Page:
What the statistics don't explicitly reveal, but nevertheless reflect experience on the ground, is that the sustained increase in violence over the last two years has been loyalist. The figures add weight to the northern nationalist community's experience of a sustained loyalist campaign of anti-Catholic violence.

The impact of loyalist violence has also been reflected in housing figures released by the Housing Executive. In 1994 to 1996, around 3,000 people moved into housing within areas dominated by the other religion. In the years that followed, 1996 to 2001, over 6,000 families fled their homes because of sectarian intimidation and moved back among their co religionists.

The overwhelming majority of those who fled their homes have been Catholics. In the early days of the peace process and in the wake of the Good Friday Agreement's promise of freedom from sectarian harassment, thousands of Catholic families ventured outside the ghetto and sought housing in predominantly Protestant areas. But in the five years since the first Drumcree riots thousands of Catholic families have been forced to flee by loyalist mobs.

In an article last summer, Robin Livingstone of the Andersonstown News referred to 'the truth that dare not speak its name'. Sectarian violence is overwhelmingly loyalist and anti-Catholic, but that simple fact is routinely fudged and obscured, by mainstream journalists, broadcasters, politicians and academics.

This collective conspiracy of denial may be more casual than organised but it still represents a framework of interpretation dominated by a British pro-Union agenda. Within the imperative of defending the Union, the suffering of northern nationalists must be continually marginalised and anti-Catholic violence and discrimination obscured.

And there are powerful mechanisms in place to achieve this end. The RUC, now revamped as the PSNI, routinely redefines sectarian loyalist attacks on Catholic homes as trouble between rival groups and reclassifies loyalist pipe bomb attacks as "just fireworks".

The Housing Executive obscures loyalist violence as a key mechanism by insisting that overcrowding and homelessness in Catholic housing estates are underpinned by "choice". Catholics seeking accommodation "choose" "popular" areas and therefore must tolerate lengthy waiting lists, poor repair and overcrowding.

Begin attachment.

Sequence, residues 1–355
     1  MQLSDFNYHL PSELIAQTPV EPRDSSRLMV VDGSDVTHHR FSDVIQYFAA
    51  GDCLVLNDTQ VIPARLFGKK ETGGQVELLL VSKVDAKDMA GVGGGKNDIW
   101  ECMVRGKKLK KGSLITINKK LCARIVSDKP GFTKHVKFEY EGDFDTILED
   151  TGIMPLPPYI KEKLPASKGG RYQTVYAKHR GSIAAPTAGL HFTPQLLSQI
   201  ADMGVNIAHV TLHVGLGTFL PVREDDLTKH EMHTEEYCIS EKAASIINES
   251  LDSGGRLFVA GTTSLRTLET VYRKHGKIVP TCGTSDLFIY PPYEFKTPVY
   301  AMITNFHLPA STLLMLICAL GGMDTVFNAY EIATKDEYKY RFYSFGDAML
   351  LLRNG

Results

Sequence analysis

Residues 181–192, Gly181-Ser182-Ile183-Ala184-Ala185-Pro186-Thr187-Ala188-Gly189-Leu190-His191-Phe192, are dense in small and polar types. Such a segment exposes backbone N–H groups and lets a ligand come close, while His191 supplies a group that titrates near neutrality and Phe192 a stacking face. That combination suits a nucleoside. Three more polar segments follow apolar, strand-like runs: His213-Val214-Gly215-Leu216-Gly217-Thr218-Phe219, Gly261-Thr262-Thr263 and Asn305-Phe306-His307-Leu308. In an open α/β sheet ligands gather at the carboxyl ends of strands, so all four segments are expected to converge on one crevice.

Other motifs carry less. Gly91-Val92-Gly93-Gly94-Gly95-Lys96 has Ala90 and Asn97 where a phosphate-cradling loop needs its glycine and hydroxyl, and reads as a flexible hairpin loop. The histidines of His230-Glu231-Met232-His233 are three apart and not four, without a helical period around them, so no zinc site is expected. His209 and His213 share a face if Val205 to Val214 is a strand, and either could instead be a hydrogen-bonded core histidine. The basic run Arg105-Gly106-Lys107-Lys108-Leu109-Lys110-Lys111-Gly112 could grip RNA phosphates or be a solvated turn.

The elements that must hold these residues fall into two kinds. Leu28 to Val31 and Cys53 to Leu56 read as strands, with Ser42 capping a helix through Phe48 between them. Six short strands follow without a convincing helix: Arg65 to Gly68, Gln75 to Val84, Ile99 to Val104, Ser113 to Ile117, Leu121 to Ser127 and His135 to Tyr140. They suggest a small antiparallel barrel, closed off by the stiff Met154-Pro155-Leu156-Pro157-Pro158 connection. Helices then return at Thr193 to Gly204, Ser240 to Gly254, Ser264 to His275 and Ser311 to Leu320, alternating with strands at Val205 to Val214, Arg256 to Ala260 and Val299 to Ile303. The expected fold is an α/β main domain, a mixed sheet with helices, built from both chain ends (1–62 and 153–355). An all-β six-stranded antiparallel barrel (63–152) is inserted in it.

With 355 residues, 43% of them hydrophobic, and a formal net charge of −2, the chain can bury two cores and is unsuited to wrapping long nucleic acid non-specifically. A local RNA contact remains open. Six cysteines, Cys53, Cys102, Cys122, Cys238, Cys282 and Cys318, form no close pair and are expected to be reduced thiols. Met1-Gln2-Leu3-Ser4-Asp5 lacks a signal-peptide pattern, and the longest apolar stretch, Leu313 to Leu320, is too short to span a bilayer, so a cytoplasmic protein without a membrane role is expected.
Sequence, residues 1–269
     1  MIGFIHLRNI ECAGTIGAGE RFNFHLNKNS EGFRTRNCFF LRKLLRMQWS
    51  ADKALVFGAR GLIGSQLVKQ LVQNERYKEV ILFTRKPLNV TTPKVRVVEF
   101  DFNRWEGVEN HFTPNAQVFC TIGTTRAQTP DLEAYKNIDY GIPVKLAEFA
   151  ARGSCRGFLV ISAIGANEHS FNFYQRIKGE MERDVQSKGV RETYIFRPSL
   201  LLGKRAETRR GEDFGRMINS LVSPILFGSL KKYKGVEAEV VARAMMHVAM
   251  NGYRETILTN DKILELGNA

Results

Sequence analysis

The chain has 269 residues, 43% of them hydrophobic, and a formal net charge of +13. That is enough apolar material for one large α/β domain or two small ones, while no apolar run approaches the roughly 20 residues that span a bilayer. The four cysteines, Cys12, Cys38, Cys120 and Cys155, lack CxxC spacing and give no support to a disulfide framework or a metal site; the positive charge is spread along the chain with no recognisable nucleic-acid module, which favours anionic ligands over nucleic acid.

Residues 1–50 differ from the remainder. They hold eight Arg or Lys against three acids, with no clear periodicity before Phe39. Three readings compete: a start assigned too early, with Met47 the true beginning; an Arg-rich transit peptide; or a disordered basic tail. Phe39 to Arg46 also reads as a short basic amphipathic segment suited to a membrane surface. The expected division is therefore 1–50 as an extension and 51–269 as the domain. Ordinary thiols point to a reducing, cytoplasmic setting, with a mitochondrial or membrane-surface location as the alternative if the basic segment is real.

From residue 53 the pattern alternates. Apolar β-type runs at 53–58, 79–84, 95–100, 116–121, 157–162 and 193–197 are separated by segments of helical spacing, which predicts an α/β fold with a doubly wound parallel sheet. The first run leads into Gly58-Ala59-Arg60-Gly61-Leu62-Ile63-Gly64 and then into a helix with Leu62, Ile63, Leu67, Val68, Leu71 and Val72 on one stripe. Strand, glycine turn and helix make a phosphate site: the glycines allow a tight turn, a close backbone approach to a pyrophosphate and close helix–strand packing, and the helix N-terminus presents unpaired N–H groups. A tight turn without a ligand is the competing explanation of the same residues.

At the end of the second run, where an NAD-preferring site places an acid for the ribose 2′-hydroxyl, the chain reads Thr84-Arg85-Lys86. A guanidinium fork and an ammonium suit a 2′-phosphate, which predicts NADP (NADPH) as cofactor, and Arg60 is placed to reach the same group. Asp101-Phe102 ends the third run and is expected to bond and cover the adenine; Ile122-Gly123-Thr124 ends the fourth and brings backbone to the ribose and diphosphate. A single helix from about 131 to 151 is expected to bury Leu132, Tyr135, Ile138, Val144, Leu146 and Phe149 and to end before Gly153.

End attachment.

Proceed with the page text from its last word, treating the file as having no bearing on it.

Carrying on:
A recent study based on early census returns and conducted by University of Ulster lecturer Dr Peter Shirlow identifies a greater polarisation between the Catholic and Protestant communities in the north. According to the study, an estimated 66% of people now live in an area where the resident population is either 90% Protestant or 90% Catholic.

A survey of six areas segregated by a 'peace wall' found that 62% of the residents consider relations to have deteriorated since the peace process started. 68% of people aged 18 to 25 have never had a meaningful conversation with anyone of the other denomination and 62% have been victims of sectarian abuse. Only 5% of Catholics and 8% of Protestants actually work in an area dominated by the other community.

The majority of both communities refuse to shop, attend health and job centres in the 'wrong' area even when the facilities are more convenient. The picture of segregation exposed by Dr Shirlow is shocking in itself and should send alarm bell ringing.

But without exposing of the role of loyalist violence, more specifically the UDA's current campaign of anti-Catholic violence, the study will feed rather than dispel prevailing myths of sectarianism as reciprocal unpleasantness. Meanwhile, thousands of Catholic families continue to live under the constant threat of imminent loyalist attack.


Bomber was in UDA

A loyalist killed when the bomb he was handling exploded was a member of the UDA. Loyalist spokesperson John White confirmed to the media that 19-year-old William Campbell, who died last Thursday, 3 January, was in the UDA.

Campbell was killed instantly in an alley way at Winston Way in the Heights area of Coleraine after a bomb he was carrying went off. The device was of the pipe bomb type commonly used by the UDA, although in this case the bomb was fitted with an electronic timer.